Sunday, August 11, 2013

Out Spotlight

Today's Out Spotlight is and award winning gay and Native American poet who's work represents the multiple cultures that made and molded him into who he is today. Today's Out Spotlight is Maurice Kennedy.

Maurice Kenny was born August 16, 1929 in Watertown, New York, the son of a Mohawk Indian and to a mother who was part Seneca. At the age of nine, when his parents separated, he went to live with his mother in New York City. After a run in with the law as a teen, Kenny returned to upstate New York to live with his father. The result for Kenny was identifying most strongly with his father's Mohawk heritage.

He began writing poetry as a teenager. At seventeen, he discovered Walt Whitman and was deeply drawn to his natural language and rhythm, qualities he later discovered in Native oral traditions.

Kenny attended Butler University in Indiana and St. Lawrence University in New York, and he studied with Louise Bogan at New York University. When he was twenty-eight he issued his first poetry collection and did not publish again until he settled in Brooklyn in 1967.

Kenny credits his poem "First Rule," written in the late 1960s, with leading him back to the oral traditions of his Native heritage. The incantatory quality of his poems have led some to describe them as "chants." He prefers to call his works "pieces," reserving the term chant for works of a more ritual nature, in which "I mean certain things to take place in your heads."

Two of his collections, North: Poems of Home and Dancing Back Strong the Nation, reflect his Native cultural heritage. In 1976 he claimed his gay identity with "Tinselled Bucks: An Historical Study in Indian Homosexuality" and the poem "Winkte" in Gay Sunshine.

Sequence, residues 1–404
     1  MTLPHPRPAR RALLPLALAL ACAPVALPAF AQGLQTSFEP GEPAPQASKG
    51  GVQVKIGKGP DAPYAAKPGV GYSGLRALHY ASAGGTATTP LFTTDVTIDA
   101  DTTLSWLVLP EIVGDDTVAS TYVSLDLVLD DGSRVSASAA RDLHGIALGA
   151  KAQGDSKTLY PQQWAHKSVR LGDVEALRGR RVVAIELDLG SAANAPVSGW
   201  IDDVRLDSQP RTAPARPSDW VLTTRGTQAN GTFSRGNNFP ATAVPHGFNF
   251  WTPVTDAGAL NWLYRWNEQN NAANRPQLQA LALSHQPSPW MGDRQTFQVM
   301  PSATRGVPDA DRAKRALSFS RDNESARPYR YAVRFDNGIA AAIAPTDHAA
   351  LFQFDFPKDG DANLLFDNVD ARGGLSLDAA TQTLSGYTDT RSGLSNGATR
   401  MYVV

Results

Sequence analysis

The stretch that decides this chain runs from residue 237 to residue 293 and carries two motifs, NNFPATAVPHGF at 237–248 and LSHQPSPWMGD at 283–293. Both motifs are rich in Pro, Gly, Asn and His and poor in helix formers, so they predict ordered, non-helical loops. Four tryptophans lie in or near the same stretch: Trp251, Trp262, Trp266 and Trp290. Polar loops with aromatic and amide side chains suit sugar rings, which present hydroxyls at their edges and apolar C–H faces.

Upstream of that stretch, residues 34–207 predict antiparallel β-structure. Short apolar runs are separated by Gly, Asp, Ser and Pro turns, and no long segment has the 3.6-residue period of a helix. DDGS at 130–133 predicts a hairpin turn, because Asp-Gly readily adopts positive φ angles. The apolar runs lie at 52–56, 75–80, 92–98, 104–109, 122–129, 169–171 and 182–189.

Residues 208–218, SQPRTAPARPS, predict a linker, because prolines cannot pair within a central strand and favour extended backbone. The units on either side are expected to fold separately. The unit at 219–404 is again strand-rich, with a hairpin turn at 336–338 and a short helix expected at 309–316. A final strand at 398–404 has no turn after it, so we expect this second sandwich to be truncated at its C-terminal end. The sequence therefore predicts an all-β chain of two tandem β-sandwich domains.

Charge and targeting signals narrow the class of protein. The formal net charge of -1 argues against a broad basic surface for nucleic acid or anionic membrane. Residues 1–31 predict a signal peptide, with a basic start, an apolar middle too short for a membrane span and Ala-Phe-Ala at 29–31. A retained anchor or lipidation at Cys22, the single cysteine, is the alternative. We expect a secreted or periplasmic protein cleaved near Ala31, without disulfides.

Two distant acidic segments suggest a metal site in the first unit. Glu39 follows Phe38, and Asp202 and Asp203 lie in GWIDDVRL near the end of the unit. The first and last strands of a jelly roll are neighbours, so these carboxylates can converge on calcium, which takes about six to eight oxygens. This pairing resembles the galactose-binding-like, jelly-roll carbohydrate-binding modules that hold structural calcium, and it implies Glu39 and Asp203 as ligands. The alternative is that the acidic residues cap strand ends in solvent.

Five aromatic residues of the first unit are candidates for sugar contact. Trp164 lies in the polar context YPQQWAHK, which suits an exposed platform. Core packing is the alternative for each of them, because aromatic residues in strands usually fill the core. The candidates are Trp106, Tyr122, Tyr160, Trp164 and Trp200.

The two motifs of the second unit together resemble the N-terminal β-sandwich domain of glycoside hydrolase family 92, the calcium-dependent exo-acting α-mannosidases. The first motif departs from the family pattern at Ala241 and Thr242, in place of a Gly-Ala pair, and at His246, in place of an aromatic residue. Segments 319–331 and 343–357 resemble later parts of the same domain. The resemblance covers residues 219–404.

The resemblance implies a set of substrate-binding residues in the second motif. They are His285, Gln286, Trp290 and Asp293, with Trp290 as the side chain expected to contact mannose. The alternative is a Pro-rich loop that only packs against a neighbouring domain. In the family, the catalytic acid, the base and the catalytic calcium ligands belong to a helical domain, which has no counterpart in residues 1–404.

Drawing on diverse sources, he boldly reclaimed native two-spirit traditions for contemporary gay Indians.

His Gay and Indian consciousness came together in his 1979 anthology, Only As Far As Brooklyn, where critics pointed out, Kenny's mature and distinctive voice fully emerges.

The process of reclaiming his past continued in the 1984 collection, The Mama Poems (for which he received an American Book Award). The poems are the first time he wrote about his childhood and family.

In the 80's, he turned to narrative poetry. In "Blackrobe: Isaac Jogues, B. March 11, 1607, D. October 18, 1646", he relates the story of a Jesuit missionary martyred by the Mohawks in 1646. In "Tekonwatonti/Molly Brant", Kenny recovers the voice of Molly Brant, sister of Mohawk Chief Joseph Brant, who married Sir William Johnson.

Kenny has published over twenty-five collections of poetry, fiction, and essays. His work has appeared in over forty-five anthologies, magazines, and journals in several languages, and radio and film productions. In the words of Joseph Bruchac, he ranks among "the four or five significant Native American poets." He currently lives in upstate New York, where he is poet-in-residence at North Country Community College at Saranac Lake and visiting professor at Paul Smith College.

Kenny's 1982 book of poems, "Blackrobe: Isaac Jogues, B. March 11, 1607, D. October 18, 1646" was nominated for the Pulitzer Prize, as was "Between Two Rivers." He is the recipient of a National Public Radio Award for Broadcasting.

In 2002, he received the Lifetime Achievement Award from the Native Writers' Circle of the Americas.


the real m said...

Jake looks pensive. Lets hope he is discussing the pros and cons of coming out.

I don't recall our ever saying Austin lives in Austin, just that he visits there. He's even said he lives in LA.

Cloud 9 said...

Another outstanding Spotlight!